Patrick Ziegler, Supervisor
Muriel Swatling, Town Clerk
Rick Reynolds, Historian
Town of Ballston – In 1905, the Ballston Lake Depot of the Delaware and Hudson Railroad was located on Main Street in the Village of Ballston Lake. Aside from a waiting room and ticket booth, there was a telegraph office. Mail was delivered by train three times a week. Pictured here, from left to right, are station agents, Hugh Davis, William Markham and mail carriers, Walter Osborne and Henry Merchant. The McKain Feed and Grain Store is pictured on the far right.
Town of Ballston – In 1906, the 5th Regiment of the United States Infantry encamped on the fields of Burnt Hills, behind what is now the Homestead Restaurant. The soldiers were marching south from Plattsburgh. They were under the command of Colonel Cowles. Local folks visited the encampment with delight and curiosity.
Town of Ballston – Shenandahora meaning “near the beautiful water,” was the name of the hotel on the left. It was located in the Village of Ballston Lake and was run by William Egan, Sr. In 1936, the hotel was converted to a tavern by Tom & Catherine McDonough and it is now Carney’s Restaurant. Many travelers took the train to this site. The Schenectady to Saratoga Railroad was the second in the United States. The tree-lined dirt road is pictured going south towards Clifton Park.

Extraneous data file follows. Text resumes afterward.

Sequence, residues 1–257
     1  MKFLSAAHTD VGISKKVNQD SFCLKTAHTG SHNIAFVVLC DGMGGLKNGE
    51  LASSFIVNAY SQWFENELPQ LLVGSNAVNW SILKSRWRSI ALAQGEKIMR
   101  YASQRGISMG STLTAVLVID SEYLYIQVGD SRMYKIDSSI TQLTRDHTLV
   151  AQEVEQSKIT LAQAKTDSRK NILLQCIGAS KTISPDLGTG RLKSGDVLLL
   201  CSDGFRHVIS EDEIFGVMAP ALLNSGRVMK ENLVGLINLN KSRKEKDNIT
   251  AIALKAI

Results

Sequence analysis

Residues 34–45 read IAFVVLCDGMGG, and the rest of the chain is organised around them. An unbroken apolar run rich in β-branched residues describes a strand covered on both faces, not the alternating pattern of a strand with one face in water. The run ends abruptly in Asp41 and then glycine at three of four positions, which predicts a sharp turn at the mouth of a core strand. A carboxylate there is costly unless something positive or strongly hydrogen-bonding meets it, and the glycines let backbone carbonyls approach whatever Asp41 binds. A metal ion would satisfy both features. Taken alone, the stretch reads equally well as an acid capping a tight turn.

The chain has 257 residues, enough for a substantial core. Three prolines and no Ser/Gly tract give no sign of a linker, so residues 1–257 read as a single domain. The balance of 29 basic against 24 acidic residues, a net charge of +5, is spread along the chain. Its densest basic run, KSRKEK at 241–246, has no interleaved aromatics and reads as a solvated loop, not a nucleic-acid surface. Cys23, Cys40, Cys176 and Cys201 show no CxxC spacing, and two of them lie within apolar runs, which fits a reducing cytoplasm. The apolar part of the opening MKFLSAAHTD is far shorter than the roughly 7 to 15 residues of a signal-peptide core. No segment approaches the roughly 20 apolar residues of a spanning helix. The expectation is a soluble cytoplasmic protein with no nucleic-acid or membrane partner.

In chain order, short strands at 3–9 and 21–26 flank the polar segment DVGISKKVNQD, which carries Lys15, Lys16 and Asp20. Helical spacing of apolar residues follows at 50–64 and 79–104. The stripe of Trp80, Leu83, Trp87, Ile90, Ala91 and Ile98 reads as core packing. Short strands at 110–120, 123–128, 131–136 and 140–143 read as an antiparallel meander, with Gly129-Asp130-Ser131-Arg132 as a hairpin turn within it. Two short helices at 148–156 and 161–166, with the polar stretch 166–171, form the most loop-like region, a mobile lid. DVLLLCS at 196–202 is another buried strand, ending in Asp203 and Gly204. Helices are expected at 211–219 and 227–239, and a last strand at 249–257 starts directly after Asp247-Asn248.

Town of Ballston – At the intersection of Kingsley and Lakehill Roads, there was a town flagpole, pictured on the left. The village well was at the base of the flagpole, and many tourists stopped to get water for their automobiles. The car is a 1913 Buick with the top folded down. The people are standing on Johnson’s store porch. This general store dates to the late 1700’s, as does the Kingsley Inn on the right. The Inn was a major stop on the Schenectady to Saratoga Stage Coach Route.
Town of Ballston – J. B. White established White’s Beach in 1932 on the northwest bank of Ballston Lake. White sand was hauled in for the beautiful beach. There were baseball diamonds, clambake sheds, pony rides and a boat shaped snack shop. It was a popular spot for school picnics.
Town of Ballston – In the early 1900s, people were still fascinated with “Indian Rock,” which is located on the east side of Ballston Lake. A diary was found in a closet of a house nearby, one that was built in 1772. The diary contains an account of a Mohawk Indian capture and torture of two grown sons and a daughter from a founding family of Ballston. The Indians tied their captives to this rock with rawhide straps. They scalped the girl and left her for dead. Her brothers escaped and sought revenge on the Mohawks. The red stains on the rock are said to be war paint. Edward Leahey stands in front of “Indian Rock” in the photograph, which was taken c. 1925.

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